The first large-scale mental health survey of 2,139 Singaporean children, aged 6-12 years, was conducted in 2007 by the Department of Child & Adolescent Psychiatry, Institute of Mental Health. Findings estimated a prevalence rate of 12.5% for emotional and behavioural problems amongst children in Singapore, excluding those who have special needs. This rate is comparable to that in the West and India (Woo et al., 2007). Of this, 5% of typically developing children exhibit externalising problems, such as aggression, hostility, and anti-social behaviour towards others. Apart from ADHD, the most common behavioural disorders referred to local mental health centers from schools are ODD and CD (Lee et al., 2003). Locally, more boys than girls have emotional and behavioural problems (Woo et al., 2007).


In Practice

Children behave differently in different contexts. A student’s behavioural issues may occur in one or multiple settings. In school, a student may display more behavioural difficulties in certain classes. Students who have behavioural disorders may also experience learning difficulties or have a learning disability. Educators will do well to take time to be acquainted with their needs and concerns, and to appreciate circumstances or events that may be stressful and overwhelming. The earlier a behavioural disability is identified or diagnosed and properly managed, the greater the likelihood that the affected youth will be able to regulate their behaviour.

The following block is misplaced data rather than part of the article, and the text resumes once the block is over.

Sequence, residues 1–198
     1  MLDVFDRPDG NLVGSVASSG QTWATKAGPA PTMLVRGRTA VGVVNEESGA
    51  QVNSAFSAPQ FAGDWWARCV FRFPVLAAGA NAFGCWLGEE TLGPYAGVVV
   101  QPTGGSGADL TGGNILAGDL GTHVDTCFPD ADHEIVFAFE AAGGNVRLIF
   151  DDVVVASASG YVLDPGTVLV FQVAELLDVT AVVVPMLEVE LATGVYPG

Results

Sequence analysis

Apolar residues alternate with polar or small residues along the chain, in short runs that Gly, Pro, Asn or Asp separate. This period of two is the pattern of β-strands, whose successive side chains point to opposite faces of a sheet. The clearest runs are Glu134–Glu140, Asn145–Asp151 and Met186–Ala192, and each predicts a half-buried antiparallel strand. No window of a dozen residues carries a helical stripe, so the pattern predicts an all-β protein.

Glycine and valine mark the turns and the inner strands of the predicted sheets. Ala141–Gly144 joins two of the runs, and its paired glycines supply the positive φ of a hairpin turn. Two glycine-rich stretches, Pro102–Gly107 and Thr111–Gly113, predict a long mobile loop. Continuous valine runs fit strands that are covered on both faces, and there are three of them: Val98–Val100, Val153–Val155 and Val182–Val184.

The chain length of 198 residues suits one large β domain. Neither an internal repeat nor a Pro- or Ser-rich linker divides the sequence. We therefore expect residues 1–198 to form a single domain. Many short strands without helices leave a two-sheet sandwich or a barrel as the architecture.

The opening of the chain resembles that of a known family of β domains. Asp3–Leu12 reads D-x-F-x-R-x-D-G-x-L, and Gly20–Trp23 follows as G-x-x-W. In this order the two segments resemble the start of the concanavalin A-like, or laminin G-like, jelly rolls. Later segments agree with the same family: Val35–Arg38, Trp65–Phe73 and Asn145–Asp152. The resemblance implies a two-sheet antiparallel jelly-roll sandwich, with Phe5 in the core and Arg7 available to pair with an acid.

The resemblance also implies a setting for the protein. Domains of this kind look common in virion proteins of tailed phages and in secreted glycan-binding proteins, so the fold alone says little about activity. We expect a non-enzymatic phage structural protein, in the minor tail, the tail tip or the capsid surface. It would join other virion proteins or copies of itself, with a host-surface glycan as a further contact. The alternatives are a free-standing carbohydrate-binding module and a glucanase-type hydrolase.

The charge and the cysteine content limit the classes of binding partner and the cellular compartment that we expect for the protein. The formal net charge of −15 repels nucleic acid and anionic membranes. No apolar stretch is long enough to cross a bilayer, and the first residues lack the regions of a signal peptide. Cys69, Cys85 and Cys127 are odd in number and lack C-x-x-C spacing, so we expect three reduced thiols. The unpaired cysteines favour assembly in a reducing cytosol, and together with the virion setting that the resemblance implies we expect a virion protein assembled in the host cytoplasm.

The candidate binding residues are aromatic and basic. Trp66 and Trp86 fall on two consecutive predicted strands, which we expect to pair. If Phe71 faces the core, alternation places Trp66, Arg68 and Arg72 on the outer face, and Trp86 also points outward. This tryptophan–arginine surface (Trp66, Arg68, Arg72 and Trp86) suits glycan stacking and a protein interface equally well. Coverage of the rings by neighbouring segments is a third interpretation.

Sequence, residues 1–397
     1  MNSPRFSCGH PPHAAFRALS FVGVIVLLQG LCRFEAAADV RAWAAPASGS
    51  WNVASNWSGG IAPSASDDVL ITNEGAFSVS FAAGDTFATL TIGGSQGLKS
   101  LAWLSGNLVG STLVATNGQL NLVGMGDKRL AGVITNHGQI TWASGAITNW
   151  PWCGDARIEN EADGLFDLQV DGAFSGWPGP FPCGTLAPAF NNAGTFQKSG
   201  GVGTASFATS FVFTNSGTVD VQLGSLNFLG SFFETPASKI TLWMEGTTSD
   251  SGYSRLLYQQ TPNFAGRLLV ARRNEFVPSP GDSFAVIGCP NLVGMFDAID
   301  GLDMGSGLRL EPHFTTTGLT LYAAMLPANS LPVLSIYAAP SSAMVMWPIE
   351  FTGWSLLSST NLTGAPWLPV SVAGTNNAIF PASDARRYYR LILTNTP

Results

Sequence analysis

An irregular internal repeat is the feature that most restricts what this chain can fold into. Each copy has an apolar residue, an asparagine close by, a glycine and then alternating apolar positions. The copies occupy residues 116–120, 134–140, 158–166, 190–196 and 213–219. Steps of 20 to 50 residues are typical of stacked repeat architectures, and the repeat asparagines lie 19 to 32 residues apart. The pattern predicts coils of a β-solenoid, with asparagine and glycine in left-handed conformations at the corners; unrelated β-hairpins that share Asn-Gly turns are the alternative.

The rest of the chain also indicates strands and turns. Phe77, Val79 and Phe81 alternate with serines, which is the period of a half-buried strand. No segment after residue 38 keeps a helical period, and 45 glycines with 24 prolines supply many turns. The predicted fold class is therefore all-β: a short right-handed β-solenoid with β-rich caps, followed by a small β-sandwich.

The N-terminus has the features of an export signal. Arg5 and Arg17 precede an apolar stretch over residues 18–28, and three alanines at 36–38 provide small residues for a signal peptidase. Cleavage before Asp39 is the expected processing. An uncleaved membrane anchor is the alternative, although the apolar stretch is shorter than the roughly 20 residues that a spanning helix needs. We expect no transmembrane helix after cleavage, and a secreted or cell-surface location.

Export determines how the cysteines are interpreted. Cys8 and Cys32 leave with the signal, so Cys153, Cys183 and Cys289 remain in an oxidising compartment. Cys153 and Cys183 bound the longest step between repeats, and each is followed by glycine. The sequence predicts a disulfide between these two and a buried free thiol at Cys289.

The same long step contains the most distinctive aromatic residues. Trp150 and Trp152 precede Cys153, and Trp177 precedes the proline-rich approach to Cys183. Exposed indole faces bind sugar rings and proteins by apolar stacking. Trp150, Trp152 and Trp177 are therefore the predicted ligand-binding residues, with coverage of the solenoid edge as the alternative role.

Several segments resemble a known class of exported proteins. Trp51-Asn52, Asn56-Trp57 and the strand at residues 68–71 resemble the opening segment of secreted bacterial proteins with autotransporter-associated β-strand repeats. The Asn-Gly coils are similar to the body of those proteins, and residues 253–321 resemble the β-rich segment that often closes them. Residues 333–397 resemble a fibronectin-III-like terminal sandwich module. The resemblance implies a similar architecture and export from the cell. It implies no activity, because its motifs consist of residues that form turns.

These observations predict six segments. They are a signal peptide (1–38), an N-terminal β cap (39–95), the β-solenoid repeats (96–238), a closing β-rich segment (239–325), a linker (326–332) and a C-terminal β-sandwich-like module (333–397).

An evidence-based practice for managing children with challenging behavioural difficulties in the school system is the use of FBA and positive behaviour interventions (Dutt et al., 2018). FBA is first conducted to determine the underlying function or purpose of behaviour in order to inform planning for behavioural remediation (Alberto & Troutman, 2013; Gresham et al., 2001). Effort is made to describe the problem behaviours in specific and observable terms (e.g., what does the student do when he has a melt-down in class) and to identify the environmental events (e.g., antecedents and consequences) linked to the behaviours (Gresham et al., 2001). Most importantly, FBA seeks to delineate the purpose or function of a problematic behaviour. For example, does a child throw a hissy fit to get attention or to escape from an undesired task? Understanding the function of a behaviour can help the teacher to plan and put in place positive strategies that teach the affected students more adaptive ways of meeting their needs (i.e., positive replacement behaviours that achieve what they hope to gain by their difficult behaviours). Positive behavioural interventions can translate into modeling and teaching socially appropriate behaviours that serve the same purpose as the challenging behaviours, pre-empting situational triggers that fuel problematic behaviours, creating conducive support for learning and reducing frustration, and minimizing rewards for negative behaviours (O'Neilll et al., 1997).